The Build Back Better Act’s macroeconomic boost looks more valuable by the day

In previous work, Adam Hersh highlighted how the Infrastructure Investment and Jobs Act (IIJA) and the Build Back Better Act (BBBA) could provide a backstop against the possibility that economic growth slows due to slack in aggregate demand for goods and services in the next couple of years. Over the past few months, a pronounced uptick in inflation convinced far too many that the U.S. economy actually faced the opposite problem of macroeconomic overheating—an excess of aggregate demand.

But late last week, the Bureau of Economic Analysis (BEA) released data making it clear that the U.S. economy is not overheating and that aggregate demand support in 2022 and 2023 could be vital to continued economic growth. Given this, the macroeconomic boost provided by the BBBA in coming years could be valuable indeed.

In this post, I argue:

  • The U.S. economy is demonstrably not overheating due to excess fiscal stimulus from earlier this year. In fact, deficient demand is as likely to be a constraint on economic growth going forward as constrained supply.
  • The inflationary uptick in the spring and summer was driven by a sudden reallocation of spending, not a macroeconomic imbalance of overall aggregate demand and supply. In addition to this sharp reallocation of spending, sectoral supply-side bottlenecks also contributed to pushing up inflation.
  • U.S. households would not be better off today had policymakers passed less fiscal relief earlier in 2021. The unexpected reallocation of spending, combined with supply-side bottlenecks, did contribute to the inflationary uptick in mid-year. This inflationary burst did, in turn, keep some of the full potential value of the fiscal relief from reaching households. But inflation-adjusted personal income for U.S. households is unambiguously higher due to the relief measures, and jobs and wage growth are better due to the stimulus provided.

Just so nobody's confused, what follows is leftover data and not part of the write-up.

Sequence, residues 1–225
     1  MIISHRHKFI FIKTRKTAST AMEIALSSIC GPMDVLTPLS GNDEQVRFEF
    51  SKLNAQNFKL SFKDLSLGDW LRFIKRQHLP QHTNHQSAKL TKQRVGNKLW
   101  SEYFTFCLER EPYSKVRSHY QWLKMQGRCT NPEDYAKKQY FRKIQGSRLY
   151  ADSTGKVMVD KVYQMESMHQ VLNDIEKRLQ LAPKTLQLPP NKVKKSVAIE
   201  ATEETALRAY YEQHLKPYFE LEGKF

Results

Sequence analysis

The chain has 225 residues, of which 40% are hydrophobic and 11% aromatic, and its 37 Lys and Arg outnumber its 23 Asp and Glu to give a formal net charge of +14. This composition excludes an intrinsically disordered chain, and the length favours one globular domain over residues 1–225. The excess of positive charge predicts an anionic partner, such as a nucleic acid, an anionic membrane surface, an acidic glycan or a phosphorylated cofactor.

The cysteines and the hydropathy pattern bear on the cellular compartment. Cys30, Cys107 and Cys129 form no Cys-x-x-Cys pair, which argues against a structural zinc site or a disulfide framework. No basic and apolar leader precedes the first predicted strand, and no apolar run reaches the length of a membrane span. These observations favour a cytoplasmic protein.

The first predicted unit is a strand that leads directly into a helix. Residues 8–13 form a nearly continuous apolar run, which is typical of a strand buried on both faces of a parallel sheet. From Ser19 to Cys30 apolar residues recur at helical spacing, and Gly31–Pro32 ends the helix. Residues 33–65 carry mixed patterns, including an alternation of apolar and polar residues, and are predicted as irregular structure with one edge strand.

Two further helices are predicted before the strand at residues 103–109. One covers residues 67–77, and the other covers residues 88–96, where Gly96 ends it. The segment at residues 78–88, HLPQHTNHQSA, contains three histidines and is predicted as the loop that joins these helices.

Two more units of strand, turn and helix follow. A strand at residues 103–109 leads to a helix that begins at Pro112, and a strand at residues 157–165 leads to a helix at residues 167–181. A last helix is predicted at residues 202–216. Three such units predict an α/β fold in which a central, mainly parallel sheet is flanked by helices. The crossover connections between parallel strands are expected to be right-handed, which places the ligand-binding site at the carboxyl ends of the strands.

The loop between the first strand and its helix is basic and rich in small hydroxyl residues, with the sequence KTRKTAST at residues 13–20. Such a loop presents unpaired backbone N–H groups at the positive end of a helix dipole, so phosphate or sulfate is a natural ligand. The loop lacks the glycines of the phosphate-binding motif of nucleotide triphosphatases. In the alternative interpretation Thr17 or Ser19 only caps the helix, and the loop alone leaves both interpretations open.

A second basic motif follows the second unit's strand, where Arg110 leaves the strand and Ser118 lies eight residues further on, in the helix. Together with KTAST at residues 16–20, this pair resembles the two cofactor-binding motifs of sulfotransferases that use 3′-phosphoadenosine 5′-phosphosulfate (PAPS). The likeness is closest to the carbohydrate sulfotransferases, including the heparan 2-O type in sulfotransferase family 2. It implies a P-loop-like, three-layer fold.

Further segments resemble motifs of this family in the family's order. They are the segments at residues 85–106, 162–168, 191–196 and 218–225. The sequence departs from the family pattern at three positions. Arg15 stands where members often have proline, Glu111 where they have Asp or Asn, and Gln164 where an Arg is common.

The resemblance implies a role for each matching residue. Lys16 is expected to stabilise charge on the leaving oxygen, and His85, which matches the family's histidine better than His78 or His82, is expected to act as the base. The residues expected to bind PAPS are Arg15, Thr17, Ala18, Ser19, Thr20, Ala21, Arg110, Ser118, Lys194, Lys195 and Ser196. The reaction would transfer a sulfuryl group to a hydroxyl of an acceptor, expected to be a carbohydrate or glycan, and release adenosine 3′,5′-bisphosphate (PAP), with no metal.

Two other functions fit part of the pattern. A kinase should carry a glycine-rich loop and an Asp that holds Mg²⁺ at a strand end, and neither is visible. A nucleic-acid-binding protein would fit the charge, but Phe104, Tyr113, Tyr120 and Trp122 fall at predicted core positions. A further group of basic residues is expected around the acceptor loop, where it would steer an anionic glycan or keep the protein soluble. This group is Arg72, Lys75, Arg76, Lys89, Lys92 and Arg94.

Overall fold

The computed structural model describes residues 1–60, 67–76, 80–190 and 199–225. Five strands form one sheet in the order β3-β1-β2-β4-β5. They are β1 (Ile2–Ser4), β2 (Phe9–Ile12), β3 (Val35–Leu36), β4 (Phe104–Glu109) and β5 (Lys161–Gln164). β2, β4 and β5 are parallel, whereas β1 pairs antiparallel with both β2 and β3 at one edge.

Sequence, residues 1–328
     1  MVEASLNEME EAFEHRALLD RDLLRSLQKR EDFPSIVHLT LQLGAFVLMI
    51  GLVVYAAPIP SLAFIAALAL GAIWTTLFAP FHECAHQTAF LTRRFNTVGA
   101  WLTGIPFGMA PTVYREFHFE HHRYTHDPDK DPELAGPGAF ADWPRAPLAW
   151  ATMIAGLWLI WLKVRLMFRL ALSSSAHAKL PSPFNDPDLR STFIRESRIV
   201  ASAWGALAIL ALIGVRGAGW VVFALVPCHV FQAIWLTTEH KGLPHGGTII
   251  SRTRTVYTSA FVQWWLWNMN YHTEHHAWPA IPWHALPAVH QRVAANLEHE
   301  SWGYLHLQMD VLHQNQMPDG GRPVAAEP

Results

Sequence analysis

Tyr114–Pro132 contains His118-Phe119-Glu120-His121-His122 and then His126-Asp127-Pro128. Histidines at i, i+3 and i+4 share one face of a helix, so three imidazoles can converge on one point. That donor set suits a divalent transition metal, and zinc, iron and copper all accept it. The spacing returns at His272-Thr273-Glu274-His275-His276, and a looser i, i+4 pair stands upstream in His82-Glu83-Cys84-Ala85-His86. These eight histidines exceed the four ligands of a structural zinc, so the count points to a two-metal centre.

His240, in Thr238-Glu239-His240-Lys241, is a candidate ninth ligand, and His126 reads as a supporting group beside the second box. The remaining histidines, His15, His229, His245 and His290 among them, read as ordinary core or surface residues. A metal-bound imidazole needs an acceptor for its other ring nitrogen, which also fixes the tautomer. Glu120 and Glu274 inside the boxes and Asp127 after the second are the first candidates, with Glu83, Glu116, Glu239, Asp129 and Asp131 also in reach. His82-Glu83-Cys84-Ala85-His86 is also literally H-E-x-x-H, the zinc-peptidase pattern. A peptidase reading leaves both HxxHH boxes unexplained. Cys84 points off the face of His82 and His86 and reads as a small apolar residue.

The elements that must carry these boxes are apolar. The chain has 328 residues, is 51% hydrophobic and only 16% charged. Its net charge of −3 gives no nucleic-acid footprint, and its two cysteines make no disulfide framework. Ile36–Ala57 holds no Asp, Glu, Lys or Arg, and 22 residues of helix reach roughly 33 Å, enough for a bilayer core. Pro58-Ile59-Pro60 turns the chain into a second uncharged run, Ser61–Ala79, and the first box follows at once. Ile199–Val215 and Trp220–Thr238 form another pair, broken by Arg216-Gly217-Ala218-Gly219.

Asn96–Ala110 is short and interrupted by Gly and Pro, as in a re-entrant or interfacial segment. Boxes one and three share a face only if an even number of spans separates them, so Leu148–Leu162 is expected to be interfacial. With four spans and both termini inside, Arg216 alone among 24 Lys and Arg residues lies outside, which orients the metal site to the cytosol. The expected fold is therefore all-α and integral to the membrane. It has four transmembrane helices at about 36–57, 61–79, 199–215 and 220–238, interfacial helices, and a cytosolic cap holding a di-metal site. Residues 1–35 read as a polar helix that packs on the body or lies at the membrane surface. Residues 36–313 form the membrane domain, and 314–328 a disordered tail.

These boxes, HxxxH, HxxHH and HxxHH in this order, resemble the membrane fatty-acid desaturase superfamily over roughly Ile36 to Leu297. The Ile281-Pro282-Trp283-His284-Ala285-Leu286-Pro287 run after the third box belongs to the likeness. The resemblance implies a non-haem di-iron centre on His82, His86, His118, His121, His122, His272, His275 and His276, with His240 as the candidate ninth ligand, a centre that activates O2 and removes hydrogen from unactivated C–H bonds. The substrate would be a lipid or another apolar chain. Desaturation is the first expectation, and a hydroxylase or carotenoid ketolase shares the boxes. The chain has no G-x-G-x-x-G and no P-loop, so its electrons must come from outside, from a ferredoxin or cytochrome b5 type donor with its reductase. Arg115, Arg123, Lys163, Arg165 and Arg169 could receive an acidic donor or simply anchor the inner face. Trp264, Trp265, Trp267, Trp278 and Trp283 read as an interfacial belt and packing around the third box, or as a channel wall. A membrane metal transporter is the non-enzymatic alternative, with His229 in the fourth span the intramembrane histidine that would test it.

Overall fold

• The data on gross domestic product (GDP) in the third quarter of 2021 released late last week show that the main source of inflationary pressurethe sharp reallocation of spending—is completely gone. The rapid run-up in spending on goods this past year reversed in the third quarter and contracted sharply. Going forward, if policymakers enact more-contractionary macroeconomic policy measures—either cutting back fiscal relief and recovery efforts or raising interest rates—they will commit a bad mistake, slowing growth in 2022 notably and halting the welcome rapid recovery that had been underway.

Below, I expand on each of these points.

The U.S. macroeconomy is not overheating due to “too much” fiscal relief and recovery provided earlier in 2021. The evidence for this can be seen in Figure A below showing actual GDP and potential GDP over the past few years. As of the third quarter of 2021, actual GDP remained below what the Congressional Budget Office (CBO) estimated potential GDP would be in this quarter. In short, given the productive capacity that existed pre-COVID, the U.S. economy should be easily capable of producing as much GDP as was produced in the third quarter of 2021 without causing any inflationary pressures.

Aggregate demand not excessive relative to pre-pandemic capacity: Actual and potential GDP in $billions, 2017–present

Year Potential Actual
2017Q1 $18,209.5 $17,896.6
2017Q2 $18,284.5 $17,996.8
2017Q3 $18,362.1 $18,126.2
2017Q4 $18,441.6 $18,296.7
2018Q1 $18,523.9 $18,436.3
2018Q2 $18,609.6 $18,590.0
2018Q3 $18,698.1 $18,679.6
2018Q4 $18,787.9 $18,721.3
2019Q1 $18,879.0 $18,833.2
2019Q2 $18,971.4 $18,982.5
2019Q3 $19,064.1 $19,112.7
2019Q4 $19,157.1 $19,202.3
2020Q1 $19,250.2 $18,952.0
2020Q2 $19,340.2 $17,258.2
2020Q3 $19,424.2 $18,560.8
2020Q4 $19,512.0 $18,767.8
2021Q1 $19,602.5 $19,055.7
2021Q2 $19,697.4 $19,368.3
2021Q3 $19,795.8 $19,465.2
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The data below can be saved or copied directly into Excel.